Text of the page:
Now here comes the problem. In order to understand what is going on, you have to read the synopsis. The words of the libretto do not relate to the action they are presenting, except in the most tangential way. Rather, they are excerpts from the Bhagavad Gita, the Hindu sacred scripture. And they are sung in Sanskrit, a language unlikely to be known to most of both the performers and the spectators. There are precedents for this, notably Stravinsky’s Oedipus Rex, which is sung in Latin. But Stravinsky took care both to use a story which is already well-known and to intersperse his work with explanations by a narrator in the language of the audience. (Latin is, or perhaps was, also rather better known in the West than Sanskrit.) Instead, Glass provides translations of some – by no means all – of the words, projected on a screen at the back of the stage and also, on the DVD, as subtitles. But these are few and far between, so that, for example, in the first scene you are well over halfway through before the first titles appear. I at first thought there was something wrong either with the DVD or the settings, but then the Metropolitan Opera commentator explained in the interval that this was deliberate. The result is that you are constantly burrowing in the booklet to find out what is going on when you should be following the work. The story of Gandhi’s early struggles is both interesting and important and arguably should be better known. But it is not a myth like that of Oedipus which educated people can reasonably be relied on to know, and which Stravinsky’s narrator explains anyway in case they don’t. It is interesting that in Akhnaten Glass presents a simpler action and also has a narrator on stage as one of the characters, which suggests he had seen the problem with Satyagraha for himself.

The music is itself in places both attractive and impressive. There is a great deal of work for the chorus, and I was particularly taken by the choruses in the second act, in which the Europeans in South Africa attack Gandhi. But there is a heavy reliance on Glass’s trademark arpeggio figurations and there is a great deal of repetition to the point where it becomes hypnotic and makes it difficult to concentrate. In some ways, more important than the arpeggios is Glass’s very subtle sense of harmony, always slightly melancholy and changing slowly. The range of orchestral colour is deliberately restricted, with only strings and woodwind: no brass or percussion.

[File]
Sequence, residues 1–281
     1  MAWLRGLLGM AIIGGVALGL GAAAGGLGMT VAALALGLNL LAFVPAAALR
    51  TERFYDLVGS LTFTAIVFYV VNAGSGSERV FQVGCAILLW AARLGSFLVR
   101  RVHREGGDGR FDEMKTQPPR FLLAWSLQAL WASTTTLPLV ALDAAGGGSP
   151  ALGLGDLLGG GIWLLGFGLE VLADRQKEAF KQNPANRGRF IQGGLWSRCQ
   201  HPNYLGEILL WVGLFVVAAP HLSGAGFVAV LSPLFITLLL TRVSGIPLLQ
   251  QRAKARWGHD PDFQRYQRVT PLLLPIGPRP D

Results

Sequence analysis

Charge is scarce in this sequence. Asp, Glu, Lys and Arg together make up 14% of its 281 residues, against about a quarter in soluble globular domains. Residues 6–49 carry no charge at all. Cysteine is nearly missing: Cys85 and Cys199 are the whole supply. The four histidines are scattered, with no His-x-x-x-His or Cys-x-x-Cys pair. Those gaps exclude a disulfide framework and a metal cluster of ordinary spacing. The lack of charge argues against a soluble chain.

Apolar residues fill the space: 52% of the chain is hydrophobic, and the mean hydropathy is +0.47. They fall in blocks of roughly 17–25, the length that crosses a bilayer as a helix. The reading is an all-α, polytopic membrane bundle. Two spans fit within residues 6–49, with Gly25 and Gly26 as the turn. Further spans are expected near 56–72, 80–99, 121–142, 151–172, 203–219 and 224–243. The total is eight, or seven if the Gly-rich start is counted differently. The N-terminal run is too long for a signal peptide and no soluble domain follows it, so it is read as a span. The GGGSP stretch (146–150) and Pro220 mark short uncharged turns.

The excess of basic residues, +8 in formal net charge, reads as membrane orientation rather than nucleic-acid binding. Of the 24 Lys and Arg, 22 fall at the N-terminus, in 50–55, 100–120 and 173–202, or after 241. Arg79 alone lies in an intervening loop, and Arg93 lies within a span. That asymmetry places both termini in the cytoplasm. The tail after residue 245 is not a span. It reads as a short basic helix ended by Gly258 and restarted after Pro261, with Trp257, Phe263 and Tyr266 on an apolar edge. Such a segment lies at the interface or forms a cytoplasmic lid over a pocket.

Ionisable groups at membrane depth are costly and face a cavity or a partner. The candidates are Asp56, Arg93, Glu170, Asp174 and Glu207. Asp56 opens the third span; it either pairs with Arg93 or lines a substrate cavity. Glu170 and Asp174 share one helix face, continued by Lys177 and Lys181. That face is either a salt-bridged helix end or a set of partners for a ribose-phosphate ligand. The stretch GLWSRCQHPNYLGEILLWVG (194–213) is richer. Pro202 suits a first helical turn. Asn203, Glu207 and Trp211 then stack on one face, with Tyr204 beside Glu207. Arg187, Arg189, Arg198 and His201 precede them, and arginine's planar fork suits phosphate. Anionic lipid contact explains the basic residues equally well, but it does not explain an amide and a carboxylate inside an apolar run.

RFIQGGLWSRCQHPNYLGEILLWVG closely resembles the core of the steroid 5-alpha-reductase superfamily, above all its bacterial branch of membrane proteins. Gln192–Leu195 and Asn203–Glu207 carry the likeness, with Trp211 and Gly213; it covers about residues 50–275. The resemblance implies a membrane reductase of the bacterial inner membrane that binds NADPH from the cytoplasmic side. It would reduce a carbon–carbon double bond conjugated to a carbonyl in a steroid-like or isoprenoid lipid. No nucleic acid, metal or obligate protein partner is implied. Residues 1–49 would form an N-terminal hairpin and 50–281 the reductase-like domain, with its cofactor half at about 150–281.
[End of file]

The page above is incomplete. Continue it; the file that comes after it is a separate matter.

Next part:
The stage is largely empty of scenery, though there is a small cavity in the back in which we see successively the presiding spirits of the three acts. The costumes are splendidly in period: Gandhi himself moves from being a Westernized barrister with a three-piece suit at the beginning to an Indian holy man in a white robe with a stick by the end. Of the others, I was particularly taken with the garish but appropriate costumes for the European farmers in the second act. A particular feature of the production is the use of large puppets mimicking the action which are deployed and then dismantled. However, there are some features I found incomprehensible, such as, in the last act, a succession of bowed figures unwound more and more sellotape across the stage. This was later rolled up into a sticky mess by actors on stilts.

The singing is very good, with Richard Croft’s Gandhi being particularly impressive, though I should note that, like Parsifal, while his part is long, the amount of actual singing he does is much less. The women were good too, though even by the end I could not be sure who was who. There are a few interviews as extras and the booklet is informative, indeed essential. The live recording is done with the skill we have come to expect from these Metropolitan Opera productions. There was a previous DVD from Stuttgart in 1983 and there have been two sound recordings on CD, but this is clearly now the version to get. All concerned have done the work proud but for me it fails to pack the punch that Akhnaten does. Still, Glass’s many admirers should be well pleased.

Stephen Barber